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As a major provider of teacher education in the north west of England, we want to develop inclusive and anti-racist practices that will allow us to provide the best possible quality of experience for our Black, Asian and minority ethnic (BAME) students. We therefore believe that it is essential to draw upon their testimonies when we design our courses. When we recruit BAME students, we want them to feel confident that we have not just listened to students’ experiences, but that the insights gained from their contributions have informed our practices.

In our discussions concerning how to develop these practices, we have found that powerful neoliberal discourses frequently take priority in the strategic planning and development of our courses. The new initial teacher education framework, the teacher standards and Ofsted are all prominent influences when it comes to course development in ITE. Unfortunately, how to advance anti-racist practices to enhance experiences of BAME students, have not been prominent drivers in these developments to date.

‘The new ITE framework, the teacher standards and Ofsted are all prominent influences when it comes to course development in ITE. Unfortunately, how to advance anti-racist practices to enhance experiences of BAME students, have not been prominent drivers in these developments to date.’

As Maylor (2015, p. 29) has rightly pointed out, ‘the British government determines which type of teacher knowledge is privileged’, and this certainly influences the design of our courses. We fear that unless we challenge these powerful discourses, they could prove detrimental to the development of more inclusive and anti-racist practices. This is why we want to utilise student testimonies to inform our courses.

Our knowledge and work are given impetus by troubling retention rates for BAME student teachers. Between 2015 and 2018 the retention rate for BAME secondary students was consistently 4 per cent and 5 per cent lower than that for White students, and while significantly improved for 2018–19, in-year data for 2019–20 indicates a rate 10 per cent lower.

In a semi-structured discussion, a focus group of secondary BAME student teachers (2018–19) talked about their experiences while on the programme (Doran, 2019). They revealed examples of microaggressions and overt racism, and in particular from their White student peers. They recounted use of racist language such as ‘Paki’ and the N-word in student-only, often informal, group situations where they were the sole Black or Asian student, leaving them uncomfortable and forced to make decisions about how and whether or not to respond.

In school contexts, one young Black female student reported how she’d learnt that her school mentor thought her ‘aggressive’ and had stated she felt ‘afraid’ to be alone with her. The student’s distress was compounded when seeking support from her university tutor, who responded that she too perceived her as aggressive (showing no awareness of the damaging trope of the ‘angry Black woman’). The students also felt racist incidents witnessed in schools were played down and/or inappropriately addressed. In one recalled instance, one pupil had name-called another pupil ‘Black monkey’ yet both pupils were removed from the classroom.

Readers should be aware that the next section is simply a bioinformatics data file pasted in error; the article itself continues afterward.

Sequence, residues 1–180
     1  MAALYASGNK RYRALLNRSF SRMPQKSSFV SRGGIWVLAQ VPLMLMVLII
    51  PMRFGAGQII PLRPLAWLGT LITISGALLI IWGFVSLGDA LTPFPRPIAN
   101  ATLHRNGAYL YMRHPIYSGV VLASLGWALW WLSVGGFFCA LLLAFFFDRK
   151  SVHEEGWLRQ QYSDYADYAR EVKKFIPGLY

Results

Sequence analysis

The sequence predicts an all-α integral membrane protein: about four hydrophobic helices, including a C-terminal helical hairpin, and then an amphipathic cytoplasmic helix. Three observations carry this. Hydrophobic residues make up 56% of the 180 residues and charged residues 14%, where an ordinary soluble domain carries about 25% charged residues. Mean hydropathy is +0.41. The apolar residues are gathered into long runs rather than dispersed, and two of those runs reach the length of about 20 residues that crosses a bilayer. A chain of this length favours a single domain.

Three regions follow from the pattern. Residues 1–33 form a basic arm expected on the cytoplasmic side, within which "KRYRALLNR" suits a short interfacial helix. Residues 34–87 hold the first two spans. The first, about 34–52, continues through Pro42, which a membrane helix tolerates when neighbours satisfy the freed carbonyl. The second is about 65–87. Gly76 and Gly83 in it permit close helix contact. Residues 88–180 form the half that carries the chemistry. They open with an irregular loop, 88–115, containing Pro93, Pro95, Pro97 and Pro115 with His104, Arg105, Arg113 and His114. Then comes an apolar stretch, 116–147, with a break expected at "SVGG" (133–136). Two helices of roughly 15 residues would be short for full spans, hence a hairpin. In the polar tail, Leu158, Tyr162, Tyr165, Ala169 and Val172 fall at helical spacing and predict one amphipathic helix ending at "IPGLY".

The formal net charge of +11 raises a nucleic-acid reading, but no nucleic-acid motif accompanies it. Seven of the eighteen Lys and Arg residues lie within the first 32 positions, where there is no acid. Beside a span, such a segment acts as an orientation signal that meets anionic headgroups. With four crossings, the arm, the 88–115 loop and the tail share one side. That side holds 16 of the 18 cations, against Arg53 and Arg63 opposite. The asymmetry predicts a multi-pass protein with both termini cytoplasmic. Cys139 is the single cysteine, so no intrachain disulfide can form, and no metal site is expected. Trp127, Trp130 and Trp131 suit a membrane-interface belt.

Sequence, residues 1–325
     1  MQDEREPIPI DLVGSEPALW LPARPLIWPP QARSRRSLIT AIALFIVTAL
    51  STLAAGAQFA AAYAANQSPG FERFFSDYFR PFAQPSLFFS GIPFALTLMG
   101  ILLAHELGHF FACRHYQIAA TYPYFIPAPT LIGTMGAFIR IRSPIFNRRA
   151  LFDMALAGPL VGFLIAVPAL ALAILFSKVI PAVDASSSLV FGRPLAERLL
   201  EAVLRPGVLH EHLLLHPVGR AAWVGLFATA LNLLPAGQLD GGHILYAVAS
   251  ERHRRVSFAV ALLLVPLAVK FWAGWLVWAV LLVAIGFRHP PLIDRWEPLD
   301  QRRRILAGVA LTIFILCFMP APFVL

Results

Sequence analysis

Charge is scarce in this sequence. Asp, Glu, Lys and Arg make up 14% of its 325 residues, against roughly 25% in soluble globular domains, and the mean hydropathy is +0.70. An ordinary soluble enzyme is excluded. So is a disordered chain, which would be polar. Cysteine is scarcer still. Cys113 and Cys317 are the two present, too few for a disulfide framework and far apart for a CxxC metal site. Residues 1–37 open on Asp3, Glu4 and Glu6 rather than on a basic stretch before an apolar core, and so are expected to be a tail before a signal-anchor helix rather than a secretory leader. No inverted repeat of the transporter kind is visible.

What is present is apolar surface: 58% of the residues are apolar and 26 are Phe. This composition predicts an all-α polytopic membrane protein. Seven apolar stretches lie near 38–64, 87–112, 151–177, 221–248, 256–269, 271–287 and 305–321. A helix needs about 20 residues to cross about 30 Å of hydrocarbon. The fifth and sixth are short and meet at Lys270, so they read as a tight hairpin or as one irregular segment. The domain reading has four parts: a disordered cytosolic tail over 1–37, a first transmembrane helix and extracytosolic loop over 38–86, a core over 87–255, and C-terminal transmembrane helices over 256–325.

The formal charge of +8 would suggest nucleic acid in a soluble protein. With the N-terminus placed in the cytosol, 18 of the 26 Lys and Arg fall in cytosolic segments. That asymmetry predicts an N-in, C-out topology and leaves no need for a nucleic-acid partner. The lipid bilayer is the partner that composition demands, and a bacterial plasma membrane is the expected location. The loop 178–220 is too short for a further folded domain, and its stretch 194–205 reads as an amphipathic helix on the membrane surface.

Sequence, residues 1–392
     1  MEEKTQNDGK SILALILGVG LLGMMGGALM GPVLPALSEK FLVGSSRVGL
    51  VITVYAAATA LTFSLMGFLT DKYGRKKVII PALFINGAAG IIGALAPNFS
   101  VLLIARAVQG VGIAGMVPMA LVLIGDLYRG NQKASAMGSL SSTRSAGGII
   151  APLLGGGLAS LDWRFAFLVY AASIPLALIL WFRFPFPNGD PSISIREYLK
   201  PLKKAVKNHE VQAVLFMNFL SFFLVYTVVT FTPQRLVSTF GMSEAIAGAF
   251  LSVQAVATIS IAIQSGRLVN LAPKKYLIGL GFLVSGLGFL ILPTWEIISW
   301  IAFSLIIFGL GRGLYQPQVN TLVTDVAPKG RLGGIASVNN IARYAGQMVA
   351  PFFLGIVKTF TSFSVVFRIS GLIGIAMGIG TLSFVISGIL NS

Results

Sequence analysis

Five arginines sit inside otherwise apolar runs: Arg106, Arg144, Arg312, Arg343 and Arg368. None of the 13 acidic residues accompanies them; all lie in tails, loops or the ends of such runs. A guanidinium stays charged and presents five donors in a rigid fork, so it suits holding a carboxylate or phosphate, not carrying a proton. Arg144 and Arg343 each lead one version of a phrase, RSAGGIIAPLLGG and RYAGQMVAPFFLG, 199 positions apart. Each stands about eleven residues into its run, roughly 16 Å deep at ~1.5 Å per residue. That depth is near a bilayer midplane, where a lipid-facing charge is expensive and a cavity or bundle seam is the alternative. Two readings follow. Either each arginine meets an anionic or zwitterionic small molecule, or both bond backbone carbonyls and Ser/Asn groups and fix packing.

The students made two specific recommendations: more university sessions addressing diversity, race and racism, ‘not just one or two’ (Doran, 2019, p. 3) and that incidences of racism, especially among student teachers, be unequivocally dealt with.

We can see that these and other stories of burden and racial difficulty experienced by BAME student teachers are persistent and real. We hear variations and repetitions each year which is disheartening for us but at times devastating for them. In addition to Doran (2019) other literature relates their struggles to ally their racial heritage with their teacher training, obstacles and setbacks on school placements leading to self-doubt and disillusionment and little interest, even embarrassment from White peers and tutors (Warner, 2018). These issues of racism, microaggressions and other exclusionary realities are further compounded by the silence and erasure of critical education about race and racism in schools.

We understand that these problems unfortunately persist in the current climate of standardisation and our responsibility is how we, as tutors, listen and respond to the students, university systems and to schools’ partners to achieve impactful change. These actions, and more, are crucial to ensure BAME student teachers complete their courses, feel fully accepted, thrive and are recognised as valuable, rather than be assigned the roles of stereotyped or stigmatised ‘others’. Teacher education and the teacher workforce need to embrace BAME teachers as knowledgeable and skilled participants otherwise they will remain sidelined and underemployed leading to the lack of a properly developed critical education for all pupils (Alexander, Arday, & Weekes-Bernard, 2015). Teachers should and must represent all of society, and it is key that BAME student teachers are seen and treated as fully part of their teacher education course and subsequently the teaching profession.


Doran, E. (2019). Draft report on the experiences of BAME PGCE (secondary) student teachers at Manchester Metropolitan University 2018/19 (Unpublished report). 

Maylor, U.  (2015). Challenging cultures in initial teacher education. In C. Alexander, J. Arday, & D. Weekes-Bernard (Eds.), The Runnymede school report – Race, education and inequality in contemporary Britain. London: Runnymede Perspectives. Retrieved from 

Warner, D. (2018). The unrecognised: A study of how some Black and minority ethnic student teachers face the challenges of initial teacher education in England (Unpublished PhD thesis). Lancaster University, Lancaster. Retrieved from